Holism in science

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Holism in science, or Holistic science, is an approach to research that emphasizes the study of complex systems. This practice is in contrast to a purely analytic tradition (sometimes called reductionism) which purports to understand systems by dividing them into their smallest possible or discernible elements and understanding their elemental properties alone. The holism/reductionism dichotomy is often evident in conflicting interpretations of experimental findings and in setting priorities for future research.

Overview

Holism in science is an approach to research that emphasizes the study of complex systems. Two central aspects are:

  1. the way of doing science, sometimes called "whole to parts," which focuses on observation of the specimen within its ecosystem first before breaking down to study any part of the specimen.
  2. the idea that the scientist is not a passive observer of an external universe; that there is no 'objective truth,' but that the individual is in a reciprocal, participatory relationship with nature, and that the observer's contribution to the process is valuable.

The term holistic science has been used as a category encompassing a number of scientific research fields (see some examples below). The term may not have a precise definition. Fields of scientific research considered potentially holistic do however have certain things in common.

First, they are multidisciplinary. Second, they are concerned with the behavior of complex systems. Third, they recognize feedback within systems as a crucial element for understanding their behavior.

The Santa Fe Institute, a center of holistic scientific research in the United States, expresses it like this:

The two dominant characteristics of the SFI research style are commitment to a multidisciplinary approach and an emphasis on the study of problems that involve complex interactions among their constituent parts. "Santa Fe Institute's Research Topics". Retrieved January 22. Unknown parameter |accessyear= ignored (|access-date= suggested) (help); Check date values in: |accessdate= (help)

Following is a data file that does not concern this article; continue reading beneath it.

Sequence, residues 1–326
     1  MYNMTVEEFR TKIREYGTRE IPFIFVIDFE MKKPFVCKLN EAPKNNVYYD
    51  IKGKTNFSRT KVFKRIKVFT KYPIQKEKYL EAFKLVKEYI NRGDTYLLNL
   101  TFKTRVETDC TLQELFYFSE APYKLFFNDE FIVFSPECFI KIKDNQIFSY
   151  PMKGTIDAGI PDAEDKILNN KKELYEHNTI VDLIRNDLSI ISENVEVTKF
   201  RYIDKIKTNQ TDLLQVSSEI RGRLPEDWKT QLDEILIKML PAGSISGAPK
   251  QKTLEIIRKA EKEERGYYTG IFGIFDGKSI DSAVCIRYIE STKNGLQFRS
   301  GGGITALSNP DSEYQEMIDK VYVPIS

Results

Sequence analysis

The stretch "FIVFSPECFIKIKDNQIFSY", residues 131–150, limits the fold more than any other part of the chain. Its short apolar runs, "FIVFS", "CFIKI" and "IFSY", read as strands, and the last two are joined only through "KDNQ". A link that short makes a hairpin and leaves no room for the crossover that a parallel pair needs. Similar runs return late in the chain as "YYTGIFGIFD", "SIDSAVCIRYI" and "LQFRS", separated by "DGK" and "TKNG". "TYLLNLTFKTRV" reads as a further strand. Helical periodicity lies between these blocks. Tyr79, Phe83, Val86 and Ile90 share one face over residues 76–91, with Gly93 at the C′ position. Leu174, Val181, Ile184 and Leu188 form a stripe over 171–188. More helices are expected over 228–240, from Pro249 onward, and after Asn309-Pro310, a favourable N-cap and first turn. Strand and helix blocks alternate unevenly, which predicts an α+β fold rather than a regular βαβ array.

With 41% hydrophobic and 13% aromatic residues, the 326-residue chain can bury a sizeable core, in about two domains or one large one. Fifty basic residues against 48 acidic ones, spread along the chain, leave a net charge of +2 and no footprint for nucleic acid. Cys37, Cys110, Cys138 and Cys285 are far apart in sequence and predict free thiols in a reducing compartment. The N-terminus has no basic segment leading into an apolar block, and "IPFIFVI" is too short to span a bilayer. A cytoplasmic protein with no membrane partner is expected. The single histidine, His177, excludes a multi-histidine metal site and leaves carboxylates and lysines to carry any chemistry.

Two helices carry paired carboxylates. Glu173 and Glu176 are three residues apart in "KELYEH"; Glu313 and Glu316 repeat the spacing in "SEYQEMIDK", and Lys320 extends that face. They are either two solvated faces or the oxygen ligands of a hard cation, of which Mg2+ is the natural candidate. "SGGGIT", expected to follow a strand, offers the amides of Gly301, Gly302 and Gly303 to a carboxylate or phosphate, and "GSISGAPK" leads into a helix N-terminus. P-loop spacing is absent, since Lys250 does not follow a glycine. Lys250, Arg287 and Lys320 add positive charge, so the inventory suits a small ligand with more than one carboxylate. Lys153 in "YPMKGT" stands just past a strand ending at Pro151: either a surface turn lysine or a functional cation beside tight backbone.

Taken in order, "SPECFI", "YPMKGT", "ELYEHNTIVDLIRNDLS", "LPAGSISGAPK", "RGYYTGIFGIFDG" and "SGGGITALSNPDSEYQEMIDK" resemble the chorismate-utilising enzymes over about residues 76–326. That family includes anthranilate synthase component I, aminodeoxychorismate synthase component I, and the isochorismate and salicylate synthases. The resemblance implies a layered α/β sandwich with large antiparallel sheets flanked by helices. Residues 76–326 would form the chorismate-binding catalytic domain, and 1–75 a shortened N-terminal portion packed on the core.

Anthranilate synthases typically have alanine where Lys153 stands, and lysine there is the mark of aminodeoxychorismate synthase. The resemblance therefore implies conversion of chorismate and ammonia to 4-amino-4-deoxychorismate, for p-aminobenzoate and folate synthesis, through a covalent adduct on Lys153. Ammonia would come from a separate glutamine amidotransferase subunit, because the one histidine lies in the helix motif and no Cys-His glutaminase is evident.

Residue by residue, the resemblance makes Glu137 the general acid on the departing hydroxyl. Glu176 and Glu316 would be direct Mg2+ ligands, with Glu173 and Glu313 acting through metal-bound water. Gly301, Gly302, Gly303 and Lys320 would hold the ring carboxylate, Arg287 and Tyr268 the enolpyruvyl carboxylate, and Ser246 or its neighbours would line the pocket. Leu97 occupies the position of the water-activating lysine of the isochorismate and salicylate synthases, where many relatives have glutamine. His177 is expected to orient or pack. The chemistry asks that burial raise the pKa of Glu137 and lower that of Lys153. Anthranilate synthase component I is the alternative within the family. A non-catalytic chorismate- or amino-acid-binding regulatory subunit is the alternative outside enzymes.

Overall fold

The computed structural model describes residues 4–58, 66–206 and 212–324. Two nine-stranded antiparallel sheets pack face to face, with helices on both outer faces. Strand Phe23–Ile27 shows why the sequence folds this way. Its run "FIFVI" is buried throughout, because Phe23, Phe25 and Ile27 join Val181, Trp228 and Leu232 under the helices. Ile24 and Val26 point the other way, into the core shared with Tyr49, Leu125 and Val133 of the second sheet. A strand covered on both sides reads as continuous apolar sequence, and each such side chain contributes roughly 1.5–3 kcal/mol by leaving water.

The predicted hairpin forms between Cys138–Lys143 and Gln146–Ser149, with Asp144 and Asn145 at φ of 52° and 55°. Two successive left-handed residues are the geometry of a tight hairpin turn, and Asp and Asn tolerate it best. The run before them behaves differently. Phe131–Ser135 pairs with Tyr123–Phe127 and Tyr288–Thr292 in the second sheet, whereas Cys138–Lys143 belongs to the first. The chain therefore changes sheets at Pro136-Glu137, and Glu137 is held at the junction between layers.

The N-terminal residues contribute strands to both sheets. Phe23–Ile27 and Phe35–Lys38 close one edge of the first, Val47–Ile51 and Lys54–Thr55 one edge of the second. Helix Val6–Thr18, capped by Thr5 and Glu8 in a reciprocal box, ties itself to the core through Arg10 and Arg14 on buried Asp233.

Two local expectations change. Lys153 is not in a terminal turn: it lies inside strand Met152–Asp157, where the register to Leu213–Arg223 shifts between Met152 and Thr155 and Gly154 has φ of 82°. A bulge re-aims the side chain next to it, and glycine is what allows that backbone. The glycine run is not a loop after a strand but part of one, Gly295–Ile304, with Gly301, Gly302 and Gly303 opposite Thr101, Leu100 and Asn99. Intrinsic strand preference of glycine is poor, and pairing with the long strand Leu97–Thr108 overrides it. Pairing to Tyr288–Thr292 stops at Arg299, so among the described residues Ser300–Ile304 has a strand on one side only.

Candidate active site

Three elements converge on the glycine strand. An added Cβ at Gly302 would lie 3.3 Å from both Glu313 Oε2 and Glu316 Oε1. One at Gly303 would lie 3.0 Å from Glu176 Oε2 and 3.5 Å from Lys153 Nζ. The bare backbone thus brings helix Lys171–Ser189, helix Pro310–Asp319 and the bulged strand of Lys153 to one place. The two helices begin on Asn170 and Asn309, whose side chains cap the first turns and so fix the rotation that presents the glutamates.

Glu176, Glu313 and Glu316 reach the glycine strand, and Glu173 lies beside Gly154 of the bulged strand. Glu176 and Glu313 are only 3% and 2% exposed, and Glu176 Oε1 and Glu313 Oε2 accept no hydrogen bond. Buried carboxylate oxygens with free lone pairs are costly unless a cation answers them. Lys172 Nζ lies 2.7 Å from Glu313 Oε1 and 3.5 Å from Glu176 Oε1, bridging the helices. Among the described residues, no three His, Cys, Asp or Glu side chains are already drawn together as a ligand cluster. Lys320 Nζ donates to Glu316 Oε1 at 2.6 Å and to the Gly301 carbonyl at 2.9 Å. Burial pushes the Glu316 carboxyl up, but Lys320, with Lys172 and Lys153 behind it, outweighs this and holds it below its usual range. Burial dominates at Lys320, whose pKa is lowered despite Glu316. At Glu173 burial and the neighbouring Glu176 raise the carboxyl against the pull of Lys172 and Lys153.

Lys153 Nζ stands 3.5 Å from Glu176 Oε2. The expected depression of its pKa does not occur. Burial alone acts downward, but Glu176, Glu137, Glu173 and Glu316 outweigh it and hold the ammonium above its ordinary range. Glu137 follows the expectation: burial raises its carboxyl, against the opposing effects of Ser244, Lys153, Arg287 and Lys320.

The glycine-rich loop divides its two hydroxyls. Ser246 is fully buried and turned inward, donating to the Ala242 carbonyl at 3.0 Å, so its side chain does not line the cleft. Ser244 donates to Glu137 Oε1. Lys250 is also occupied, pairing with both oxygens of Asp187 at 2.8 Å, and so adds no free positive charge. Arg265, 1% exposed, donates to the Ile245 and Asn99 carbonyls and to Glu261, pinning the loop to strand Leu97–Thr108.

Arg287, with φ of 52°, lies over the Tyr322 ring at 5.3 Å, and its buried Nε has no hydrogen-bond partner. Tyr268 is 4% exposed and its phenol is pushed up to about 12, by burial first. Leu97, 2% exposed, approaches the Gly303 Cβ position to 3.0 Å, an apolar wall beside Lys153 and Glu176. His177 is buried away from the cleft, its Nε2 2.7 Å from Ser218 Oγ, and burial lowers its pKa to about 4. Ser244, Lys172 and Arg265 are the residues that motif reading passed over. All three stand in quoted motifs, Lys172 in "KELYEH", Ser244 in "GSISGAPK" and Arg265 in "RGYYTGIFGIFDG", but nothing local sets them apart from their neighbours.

Topics in Holism in science

Alternative to reductionism

Some advocates of holism refer to orthodox science as reductionist science or the reductionist paradigm or greedy reductionism. This is a compact way to allude to a tendency of classical science towards the modular: that is, to break systems down into manageable parts for study.

The holistic premise is that there is a possible qualitative difference between an entire system and its parts: that modularisation may fail. As applied to science, holists may generally assert that this difference can warrant the kind of rigorous scrutiny typical of scientific inquiry. The distinction of approach then lies not so much in the subjects chosen for study, but in the methods and assumptions used to study them. For example, in the field of quantum physics, David Bohm pointed out that there is no scientific evidence to support the dominant view that the universe consists of a huge, finite number of minute particles, and offered in its stead a view of undivided wholeness.

Though considered by some as alternative, holistic methods are not generally at odds with the classical scientific method. Where holistic scientists come from a standard science background, holistic work in science tends to be, to varying degrees, a marriage of the two approaches. For example gestalt psychology grew out of early experimental psychology. When the terms are used constructively in the science context, holism and reductionism refer to how empirical evidence is interpreted, and not only to the methods used to produce such evidence.

Opposing views